The Wellness Hub Part 3: What
What do we need to validate or ensure first
In our previous part 1 of this series, we tried to explain why there is a need for a new approach to delivering wellness. In part 2, we explained our design for the wellness hub and ended with the question of what could go wrong? This final article is our attempt in proving answers.
We are entrepreneurs. If we rephrase the question, we can find answers easier:
- What are the biggest assumptions we are making in the design?
- What are the biggest risks?
Once the cogs start turning, there will naturally be a lot of puzzles along the way which will require solutions. Here we want to focus on the biggest assumptions and risks which would cause the inability to turn the cogs to start with.
There is enough current or future trend from individuals towards wellness
This assumption is single-handedly the most important and central. This is the purpose of creating the hub. Nobody can argue that the trend doesn’t exist. It’s already documented in many places and there are countless initiatives to cater to this trend. However, we should acknowledge it is still what it is: a trend. Different markets will be in different stages and it’s very crucial to time the design towards the end of the inevitable chasm.
The service providers are willing to relocate to or launch in the hub
We can assume that all the potential participants of the hub already have established setups elsewhere and that any new entrant to the market has clear paths to follow as defined by previous organizations which entered before. It would be a challenge to showcase a tangible advantage to accept the changes.
We have two suggestions here.
- At the end of the day, the hub is also a real estate proposition and as with any real estate proposition, location matters. It’s crucial to be in a location where there is a natural influx of individuals. Think of high-traffic shopping malls or busy high streets.
- Another suggestion is to amplify the natural attractiveness of the move by providing additional incentives in regulation, tax, or intellectual property. When we look at the clusters in other verticals, we see that the most vibrant ones are sometimes exempt from certain regulations which are applicable to everywhere else.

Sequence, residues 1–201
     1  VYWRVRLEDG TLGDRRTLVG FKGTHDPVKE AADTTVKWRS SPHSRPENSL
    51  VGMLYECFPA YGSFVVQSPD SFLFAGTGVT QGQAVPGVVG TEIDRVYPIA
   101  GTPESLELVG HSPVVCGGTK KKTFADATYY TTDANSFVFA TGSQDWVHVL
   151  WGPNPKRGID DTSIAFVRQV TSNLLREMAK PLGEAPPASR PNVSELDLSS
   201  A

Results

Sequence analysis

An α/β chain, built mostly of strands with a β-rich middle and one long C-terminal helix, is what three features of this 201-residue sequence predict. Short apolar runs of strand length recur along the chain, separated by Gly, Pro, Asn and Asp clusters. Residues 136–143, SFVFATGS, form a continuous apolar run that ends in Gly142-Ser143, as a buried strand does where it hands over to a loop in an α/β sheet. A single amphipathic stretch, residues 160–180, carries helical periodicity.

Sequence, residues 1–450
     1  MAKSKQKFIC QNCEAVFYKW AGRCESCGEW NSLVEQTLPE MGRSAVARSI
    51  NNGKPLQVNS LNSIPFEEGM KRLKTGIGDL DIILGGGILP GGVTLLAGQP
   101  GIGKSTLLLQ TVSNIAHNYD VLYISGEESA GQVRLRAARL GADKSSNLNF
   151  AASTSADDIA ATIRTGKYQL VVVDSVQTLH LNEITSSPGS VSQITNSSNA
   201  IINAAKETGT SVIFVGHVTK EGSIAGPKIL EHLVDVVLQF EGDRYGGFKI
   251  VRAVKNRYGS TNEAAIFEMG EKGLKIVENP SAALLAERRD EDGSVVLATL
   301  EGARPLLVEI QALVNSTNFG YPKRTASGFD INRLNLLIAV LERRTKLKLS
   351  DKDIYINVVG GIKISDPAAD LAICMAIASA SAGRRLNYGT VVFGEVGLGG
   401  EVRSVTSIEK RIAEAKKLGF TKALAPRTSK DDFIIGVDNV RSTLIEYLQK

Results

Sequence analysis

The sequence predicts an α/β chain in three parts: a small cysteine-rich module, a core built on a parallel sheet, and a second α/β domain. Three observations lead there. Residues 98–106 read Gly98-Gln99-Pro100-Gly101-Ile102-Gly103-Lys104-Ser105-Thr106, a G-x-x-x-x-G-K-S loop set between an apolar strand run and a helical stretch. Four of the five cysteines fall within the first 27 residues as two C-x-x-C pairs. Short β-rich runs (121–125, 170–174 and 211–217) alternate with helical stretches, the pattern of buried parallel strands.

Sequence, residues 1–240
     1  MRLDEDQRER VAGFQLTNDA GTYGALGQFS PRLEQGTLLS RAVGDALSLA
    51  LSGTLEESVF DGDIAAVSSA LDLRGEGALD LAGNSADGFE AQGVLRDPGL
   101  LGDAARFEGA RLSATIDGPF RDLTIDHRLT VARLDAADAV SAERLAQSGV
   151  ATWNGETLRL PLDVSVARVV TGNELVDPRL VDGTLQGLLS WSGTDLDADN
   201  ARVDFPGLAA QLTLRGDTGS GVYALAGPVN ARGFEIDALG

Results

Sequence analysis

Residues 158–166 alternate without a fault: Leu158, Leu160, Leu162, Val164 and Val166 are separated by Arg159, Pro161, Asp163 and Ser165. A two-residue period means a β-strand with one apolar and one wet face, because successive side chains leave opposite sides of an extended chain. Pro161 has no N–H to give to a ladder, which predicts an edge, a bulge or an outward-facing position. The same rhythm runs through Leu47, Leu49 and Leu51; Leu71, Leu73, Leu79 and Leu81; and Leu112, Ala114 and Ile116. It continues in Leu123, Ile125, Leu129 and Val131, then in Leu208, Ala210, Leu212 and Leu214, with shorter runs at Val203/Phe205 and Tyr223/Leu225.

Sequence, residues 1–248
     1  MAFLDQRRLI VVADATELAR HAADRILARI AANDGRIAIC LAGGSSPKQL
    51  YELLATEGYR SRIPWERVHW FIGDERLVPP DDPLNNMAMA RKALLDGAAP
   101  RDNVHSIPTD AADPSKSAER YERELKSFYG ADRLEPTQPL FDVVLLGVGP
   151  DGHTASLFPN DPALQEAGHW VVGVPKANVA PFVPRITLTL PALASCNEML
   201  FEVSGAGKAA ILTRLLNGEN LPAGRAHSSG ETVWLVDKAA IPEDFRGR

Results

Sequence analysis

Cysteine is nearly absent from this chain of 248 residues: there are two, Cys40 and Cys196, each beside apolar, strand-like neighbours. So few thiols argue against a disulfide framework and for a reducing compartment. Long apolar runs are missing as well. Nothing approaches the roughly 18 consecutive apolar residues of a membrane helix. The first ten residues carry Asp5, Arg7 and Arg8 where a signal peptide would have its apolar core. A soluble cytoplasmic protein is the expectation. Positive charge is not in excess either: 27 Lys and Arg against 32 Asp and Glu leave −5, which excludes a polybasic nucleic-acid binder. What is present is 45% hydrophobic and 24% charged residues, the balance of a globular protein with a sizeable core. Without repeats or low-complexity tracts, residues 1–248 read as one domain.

Members are willing to participate in collaboration
We can assume that the first focus of the members will be to drive additional revenues from the hub. This is not only expected but it should also be facilitated and supported. We also should remember that the hub ecosystem will also create a certain level of competitiveness as well and make sure there is enough abundance for competition to become a driving force as opposed to a hurdle. Still, members can be tempted to focus solely on their business goals and not allocate sufficient resources for collaboration.
Our solution here is to embed the collaboration, co-creation, and innovation programs into the hub membership from day one and lead by example. If managers of the hub can’t prove the benefits of collaboration for the members and install highways of value creation, we can’t expect the members to come up with the tactics on their own.
Lack of leadership
This is a multi-stakeholder ecosystem. By design, there must be many voices, but the voice shouldn’t cause cacophony, or else the ecosystem cannot put one step in front of the last and function.
There is no need to sugarcoat this. The hub will need a leading organization that is in it for the long run due to vision alignment and is willing to act and speak on behalf of the members. This leadership role is crucial to bring in the benefits, initiate collaboration and sponsor the creation.
Becoming too vertical focused
Health and wellness is a highly specialized vertical with ages of specific experience and learnings housed within organizations and people. Without this knowledge being put to action, the hub cannot flourish. However, we should also remember, the hub is also an ecosystem and ecosystems are highly effective generalists. If the management of the wellness hub is trusted on the health and wellness specialist, we will surely end up with a highly dysfunctional, may be better looking but money burning version of the old hospital model at worst or a glorified showroom at best.
We suggest separation of responsibilities. The leadership would naturally be at a vertical specialist, but the management should always stay with a generalist.
These are the top assumptions and risks we have identified so far, based on our successes and failures in designing, implementing, and managing multi-stakeholder ecosystems.
What other risks and assumptions can you identify?
We would like to conclude our series with a reference to the last paragraph of the first article:
The design principles (patterns) can be applied to all verticals, make it finance, sports or entertainment.
As long as we can put individual(s) with very real needs in the center and identify a vertical specialist leader, we can build the ecosystem for any vertical.